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Hopeful Things During This Unreal, Upside Down, Crazy Time


A hopeful outlook at the end: But, in the meantime, a little green plant in Laurie’s  living room is the last thing she bought before shopping became an anxious, Purell-driven event.

By Laurie Stone

It’s like the world’s been given a giant time-out. New sayings are popping up — “self-isolating,” “elbow bump” and “social distancing” — that would’ve confused only a short while ago. A little green plant in my living room is the last thing I bought before shopping became an anxious, Purell-driven event. And yet, good things have come from this awful pandemic. Here are mine.


They sing from balconies and dance and play accordions and violins. I’m sure not everyone in their country feels this “amore della vita,” but there’s something uplifting in seeing and hearing the human spirit. If I lived in those apartment buildings of Rome, Sienna and Milan, the music of other humans would bring comfort. “You’re not alone,” they seem to say. “We’re in this together. Life is still worth living.”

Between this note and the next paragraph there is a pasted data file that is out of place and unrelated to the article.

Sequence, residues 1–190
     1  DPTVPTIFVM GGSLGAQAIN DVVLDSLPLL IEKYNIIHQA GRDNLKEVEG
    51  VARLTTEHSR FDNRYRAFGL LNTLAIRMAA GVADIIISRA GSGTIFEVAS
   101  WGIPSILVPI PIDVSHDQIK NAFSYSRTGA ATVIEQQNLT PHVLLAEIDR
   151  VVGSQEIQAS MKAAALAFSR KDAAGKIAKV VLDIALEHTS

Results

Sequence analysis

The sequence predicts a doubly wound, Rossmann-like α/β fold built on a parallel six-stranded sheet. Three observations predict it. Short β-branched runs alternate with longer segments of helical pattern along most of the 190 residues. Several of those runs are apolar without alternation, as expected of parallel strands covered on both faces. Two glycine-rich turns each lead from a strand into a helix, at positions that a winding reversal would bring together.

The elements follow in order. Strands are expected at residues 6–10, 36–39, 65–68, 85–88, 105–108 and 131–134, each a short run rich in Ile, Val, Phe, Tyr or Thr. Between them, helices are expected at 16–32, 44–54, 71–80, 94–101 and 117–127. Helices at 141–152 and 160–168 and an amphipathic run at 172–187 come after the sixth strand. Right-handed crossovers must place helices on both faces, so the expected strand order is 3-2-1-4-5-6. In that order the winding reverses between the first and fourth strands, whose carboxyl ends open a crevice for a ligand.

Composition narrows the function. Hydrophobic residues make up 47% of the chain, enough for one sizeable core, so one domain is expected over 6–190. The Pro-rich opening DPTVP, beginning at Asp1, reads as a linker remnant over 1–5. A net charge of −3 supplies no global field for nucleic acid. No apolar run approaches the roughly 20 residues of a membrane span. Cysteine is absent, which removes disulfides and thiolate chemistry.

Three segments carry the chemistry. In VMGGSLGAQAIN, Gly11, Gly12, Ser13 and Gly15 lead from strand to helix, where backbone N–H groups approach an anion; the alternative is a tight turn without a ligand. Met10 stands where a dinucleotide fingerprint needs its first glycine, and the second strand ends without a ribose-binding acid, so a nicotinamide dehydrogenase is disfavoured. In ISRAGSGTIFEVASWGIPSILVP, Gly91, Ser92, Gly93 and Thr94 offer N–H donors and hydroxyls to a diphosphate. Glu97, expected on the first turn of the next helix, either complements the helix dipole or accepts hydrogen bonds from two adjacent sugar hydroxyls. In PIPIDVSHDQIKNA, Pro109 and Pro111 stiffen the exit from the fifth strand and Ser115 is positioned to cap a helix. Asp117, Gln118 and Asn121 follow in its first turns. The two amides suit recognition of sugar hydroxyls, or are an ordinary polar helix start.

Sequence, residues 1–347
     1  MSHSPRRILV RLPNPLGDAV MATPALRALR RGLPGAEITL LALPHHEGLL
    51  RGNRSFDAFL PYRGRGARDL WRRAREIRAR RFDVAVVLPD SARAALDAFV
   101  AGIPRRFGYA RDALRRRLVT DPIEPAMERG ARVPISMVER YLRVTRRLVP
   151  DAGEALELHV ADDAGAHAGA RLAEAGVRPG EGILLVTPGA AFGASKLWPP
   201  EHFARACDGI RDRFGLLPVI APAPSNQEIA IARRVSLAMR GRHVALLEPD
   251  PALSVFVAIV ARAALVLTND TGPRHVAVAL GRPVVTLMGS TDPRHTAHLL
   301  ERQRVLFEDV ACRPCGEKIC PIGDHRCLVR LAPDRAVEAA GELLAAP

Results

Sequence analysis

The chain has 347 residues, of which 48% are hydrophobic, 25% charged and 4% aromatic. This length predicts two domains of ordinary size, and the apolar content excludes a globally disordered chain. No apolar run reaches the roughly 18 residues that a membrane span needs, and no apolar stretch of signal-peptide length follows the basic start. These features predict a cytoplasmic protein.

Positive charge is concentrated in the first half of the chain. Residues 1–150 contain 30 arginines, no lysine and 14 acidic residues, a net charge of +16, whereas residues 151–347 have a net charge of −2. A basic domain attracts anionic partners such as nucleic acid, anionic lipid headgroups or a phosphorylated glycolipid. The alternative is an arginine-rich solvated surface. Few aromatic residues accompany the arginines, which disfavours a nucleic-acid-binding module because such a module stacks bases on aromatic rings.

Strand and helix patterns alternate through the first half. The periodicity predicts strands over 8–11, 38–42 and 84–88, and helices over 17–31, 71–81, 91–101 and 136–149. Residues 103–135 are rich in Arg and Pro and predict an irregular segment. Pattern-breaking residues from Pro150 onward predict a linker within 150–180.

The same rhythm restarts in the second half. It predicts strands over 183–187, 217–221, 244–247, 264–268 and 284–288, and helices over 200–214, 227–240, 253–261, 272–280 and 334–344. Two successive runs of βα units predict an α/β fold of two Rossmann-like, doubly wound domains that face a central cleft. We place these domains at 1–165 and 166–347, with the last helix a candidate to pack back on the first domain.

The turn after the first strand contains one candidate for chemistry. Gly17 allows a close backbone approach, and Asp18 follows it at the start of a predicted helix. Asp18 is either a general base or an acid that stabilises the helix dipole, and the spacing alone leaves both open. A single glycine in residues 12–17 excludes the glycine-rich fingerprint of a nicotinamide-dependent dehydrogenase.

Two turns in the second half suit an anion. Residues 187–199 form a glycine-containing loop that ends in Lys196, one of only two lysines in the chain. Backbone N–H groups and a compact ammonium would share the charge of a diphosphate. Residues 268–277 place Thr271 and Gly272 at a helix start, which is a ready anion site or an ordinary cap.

Sometimes it takes courage to be happy.

Small Kindnesses

I was getting my hair cut just before our governor, sigh, shuttered salons and barbers. My hairdresser had said she was in the grocery store, stocking up on juice mother, worrying, hopefulboxes for her grandchildren. “I was tempted to take them all,” she said. “But decided to leave some for others.”

I’ve noticed strangers waving and talking to each other more (and yes, a safe distance apart). A slight head shake or weary smile is immediately understood. “Stay healthy” is the new goodbye. In a funny way, Covid-19 has brought out our shared humanity. We need each other after all.

An Introvert’s Fantasy

I’m being “ordered” to stay home? I must spend my days reading and writing and walking around my back yard? Wow! At the same time, I feel bad for extrovert pals who have to curtail that hard drive to go out and mingle. Many are using their considerable energy for assembling furniture, arranging shelves and painting their kitchens … and bathrooms … and garages. Since I’ve always felt safest and happiest at home (and don’t know how to assemble furniture), this part comes easy.

Life Goes On

The coronavirus may have stopped humans, but it can’t stop Mother Nature. Spring’s here with its birdsong and green crocus shoots and lilac bush buds. The light is stronger. The trees in Connecticut are coming to life. If all this had to happen, I’m grateful we’re not driving into the dark tunnel of winter.

We’re heading into the most beautiful, hopeful time of year.

Instead, we’re heading into the most beautiful, hopeful time of year. Somehow things are more bearable. Amid this craziness, we’re surrounded by burgeoning new life.

What an Amazing World We Live in